Evolution of Direct Communication for a Swarm-bot Performing Hole Avoidance
Communication is often required for coordination of collective behaviours. Social insects like ants, termites or bees make use of different forms of communication, which can be roughly classified in three classes: indirect (stigmergic) communication, direct interaction and direct communication. The use of stigmergic communication is predominant in social insects (e.g., the pheromone trails in ants), but also direct interactions (e.g., antennation in ants) and direct communication can be observed (e.g., the waggle dance of honey bee workers). Direct communication may be beneficial when a fast reaction is expected, as for instance, when a danger is detected and countermeasures must be taken. This is the case of hole avoidance, the task studied in this paper: a group of self-assembled robots---called swarm-bot---coordinately explores an arena containing holes, avoiding to fall into them. In particular, we study the use of direct communication in order to achieve a reaction to the detection of a hole faster than with the sole use of direct interactions through physical links. We rely on artificial evolution for the synthesis of neural network controllers, showing that evolving behaviours that make use of direct communication is more effective than exploiting direct interactions only.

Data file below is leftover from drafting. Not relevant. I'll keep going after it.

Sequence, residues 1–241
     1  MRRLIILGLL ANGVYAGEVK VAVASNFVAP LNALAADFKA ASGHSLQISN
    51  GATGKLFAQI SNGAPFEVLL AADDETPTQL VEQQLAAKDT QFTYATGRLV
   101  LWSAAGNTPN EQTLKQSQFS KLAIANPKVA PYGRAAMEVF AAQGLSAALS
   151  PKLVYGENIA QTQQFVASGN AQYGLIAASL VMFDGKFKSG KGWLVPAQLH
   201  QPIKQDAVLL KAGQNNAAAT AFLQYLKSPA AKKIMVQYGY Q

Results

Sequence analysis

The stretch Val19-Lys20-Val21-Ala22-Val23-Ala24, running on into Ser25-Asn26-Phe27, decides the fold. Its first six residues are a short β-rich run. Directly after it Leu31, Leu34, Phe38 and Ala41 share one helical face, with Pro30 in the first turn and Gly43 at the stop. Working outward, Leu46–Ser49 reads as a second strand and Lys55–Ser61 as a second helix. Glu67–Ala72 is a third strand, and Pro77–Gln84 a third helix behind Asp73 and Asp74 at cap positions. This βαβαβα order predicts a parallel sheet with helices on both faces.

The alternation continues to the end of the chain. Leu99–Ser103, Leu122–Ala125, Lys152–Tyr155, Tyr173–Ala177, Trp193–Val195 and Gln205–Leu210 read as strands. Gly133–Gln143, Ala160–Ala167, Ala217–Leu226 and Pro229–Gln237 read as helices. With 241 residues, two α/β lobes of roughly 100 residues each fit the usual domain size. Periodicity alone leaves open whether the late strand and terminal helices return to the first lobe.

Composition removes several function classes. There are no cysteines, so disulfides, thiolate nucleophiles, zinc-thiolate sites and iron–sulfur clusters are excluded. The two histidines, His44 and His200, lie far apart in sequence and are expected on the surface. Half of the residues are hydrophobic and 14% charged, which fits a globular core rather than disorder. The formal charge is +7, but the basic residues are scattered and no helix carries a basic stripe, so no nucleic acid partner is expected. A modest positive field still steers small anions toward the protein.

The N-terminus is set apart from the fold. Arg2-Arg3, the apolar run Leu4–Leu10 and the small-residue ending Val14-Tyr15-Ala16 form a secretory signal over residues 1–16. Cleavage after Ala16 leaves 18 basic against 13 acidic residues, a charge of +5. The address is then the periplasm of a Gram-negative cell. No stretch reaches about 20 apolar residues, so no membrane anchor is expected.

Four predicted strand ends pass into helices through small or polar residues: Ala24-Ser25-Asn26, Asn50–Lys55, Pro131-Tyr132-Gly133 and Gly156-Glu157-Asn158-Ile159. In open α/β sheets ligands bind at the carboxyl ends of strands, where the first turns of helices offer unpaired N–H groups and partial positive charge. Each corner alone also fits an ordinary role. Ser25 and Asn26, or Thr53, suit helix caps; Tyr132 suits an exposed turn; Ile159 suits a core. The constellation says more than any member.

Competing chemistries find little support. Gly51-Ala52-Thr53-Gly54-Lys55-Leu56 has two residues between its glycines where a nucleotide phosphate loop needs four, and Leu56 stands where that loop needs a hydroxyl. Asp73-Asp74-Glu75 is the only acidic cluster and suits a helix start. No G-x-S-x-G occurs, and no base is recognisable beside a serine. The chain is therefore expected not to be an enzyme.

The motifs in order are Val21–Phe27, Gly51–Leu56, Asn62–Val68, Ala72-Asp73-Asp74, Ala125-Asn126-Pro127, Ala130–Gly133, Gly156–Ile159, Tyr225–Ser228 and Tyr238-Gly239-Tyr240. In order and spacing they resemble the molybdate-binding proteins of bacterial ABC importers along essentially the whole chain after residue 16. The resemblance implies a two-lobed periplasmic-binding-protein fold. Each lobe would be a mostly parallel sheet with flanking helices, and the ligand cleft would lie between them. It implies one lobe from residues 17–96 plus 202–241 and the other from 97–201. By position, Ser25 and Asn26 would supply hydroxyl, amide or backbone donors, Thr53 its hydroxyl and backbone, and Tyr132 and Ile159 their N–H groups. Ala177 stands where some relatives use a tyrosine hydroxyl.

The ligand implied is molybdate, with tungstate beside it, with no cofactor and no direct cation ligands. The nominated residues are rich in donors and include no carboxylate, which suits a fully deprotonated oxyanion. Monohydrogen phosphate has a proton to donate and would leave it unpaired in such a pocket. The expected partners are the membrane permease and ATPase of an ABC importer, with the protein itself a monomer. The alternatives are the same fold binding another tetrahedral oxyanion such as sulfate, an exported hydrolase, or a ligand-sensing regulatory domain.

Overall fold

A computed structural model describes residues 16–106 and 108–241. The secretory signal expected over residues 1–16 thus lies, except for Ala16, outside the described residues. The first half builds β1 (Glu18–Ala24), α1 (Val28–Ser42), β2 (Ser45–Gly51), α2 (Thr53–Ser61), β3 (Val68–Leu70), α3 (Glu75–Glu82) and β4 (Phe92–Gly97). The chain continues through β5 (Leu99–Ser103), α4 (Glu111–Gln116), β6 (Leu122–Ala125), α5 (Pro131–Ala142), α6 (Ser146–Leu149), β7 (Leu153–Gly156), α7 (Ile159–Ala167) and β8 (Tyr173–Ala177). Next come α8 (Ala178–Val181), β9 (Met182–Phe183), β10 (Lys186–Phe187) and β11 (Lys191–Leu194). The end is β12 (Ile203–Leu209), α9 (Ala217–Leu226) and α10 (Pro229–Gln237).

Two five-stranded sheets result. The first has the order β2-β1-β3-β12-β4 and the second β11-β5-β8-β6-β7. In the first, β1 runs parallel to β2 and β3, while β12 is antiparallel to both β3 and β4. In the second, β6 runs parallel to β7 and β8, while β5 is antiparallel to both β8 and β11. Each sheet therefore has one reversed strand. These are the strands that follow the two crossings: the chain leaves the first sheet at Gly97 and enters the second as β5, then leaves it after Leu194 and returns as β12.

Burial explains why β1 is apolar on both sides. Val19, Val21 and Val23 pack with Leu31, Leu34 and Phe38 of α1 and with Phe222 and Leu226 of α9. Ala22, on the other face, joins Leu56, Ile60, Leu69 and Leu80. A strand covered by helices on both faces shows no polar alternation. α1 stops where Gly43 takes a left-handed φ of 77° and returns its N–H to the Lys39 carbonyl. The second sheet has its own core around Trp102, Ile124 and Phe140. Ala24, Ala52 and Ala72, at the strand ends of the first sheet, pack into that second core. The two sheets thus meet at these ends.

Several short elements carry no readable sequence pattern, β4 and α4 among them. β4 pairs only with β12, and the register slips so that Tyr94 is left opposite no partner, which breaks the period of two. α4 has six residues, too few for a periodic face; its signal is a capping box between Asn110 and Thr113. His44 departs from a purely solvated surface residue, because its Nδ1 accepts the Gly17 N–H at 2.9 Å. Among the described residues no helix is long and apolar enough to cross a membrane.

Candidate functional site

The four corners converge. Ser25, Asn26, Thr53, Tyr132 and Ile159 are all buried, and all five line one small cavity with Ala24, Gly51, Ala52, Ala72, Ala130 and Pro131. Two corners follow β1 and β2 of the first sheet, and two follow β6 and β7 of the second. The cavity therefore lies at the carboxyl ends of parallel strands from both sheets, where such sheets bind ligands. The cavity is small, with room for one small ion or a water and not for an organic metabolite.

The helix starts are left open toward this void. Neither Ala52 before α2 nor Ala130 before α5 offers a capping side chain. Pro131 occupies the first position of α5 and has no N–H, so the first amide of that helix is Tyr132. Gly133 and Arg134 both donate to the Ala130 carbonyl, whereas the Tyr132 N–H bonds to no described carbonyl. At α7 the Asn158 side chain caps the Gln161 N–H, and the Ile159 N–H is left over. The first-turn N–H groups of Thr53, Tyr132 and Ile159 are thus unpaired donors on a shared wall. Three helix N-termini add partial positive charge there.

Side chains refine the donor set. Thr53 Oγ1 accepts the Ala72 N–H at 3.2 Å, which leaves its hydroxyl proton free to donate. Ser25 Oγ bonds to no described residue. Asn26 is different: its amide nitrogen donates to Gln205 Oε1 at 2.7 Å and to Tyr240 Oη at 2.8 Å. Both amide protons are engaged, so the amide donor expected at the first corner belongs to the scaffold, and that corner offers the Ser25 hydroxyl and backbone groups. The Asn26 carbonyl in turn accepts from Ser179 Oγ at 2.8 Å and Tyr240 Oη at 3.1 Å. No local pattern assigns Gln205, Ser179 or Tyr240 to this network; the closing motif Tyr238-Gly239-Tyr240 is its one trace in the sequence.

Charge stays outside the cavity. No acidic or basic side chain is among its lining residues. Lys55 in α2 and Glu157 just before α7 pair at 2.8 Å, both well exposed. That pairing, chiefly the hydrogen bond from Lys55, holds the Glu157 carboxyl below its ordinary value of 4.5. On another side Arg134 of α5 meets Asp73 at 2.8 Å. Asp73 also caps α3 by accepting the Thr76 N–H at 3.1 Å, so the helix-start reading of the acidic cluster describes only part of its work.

|Swarm-bots project started
on October 1,2001
|The project terminated
on March 31, 2005.
Fri, 27 Jun 2014 11:26:47 +0200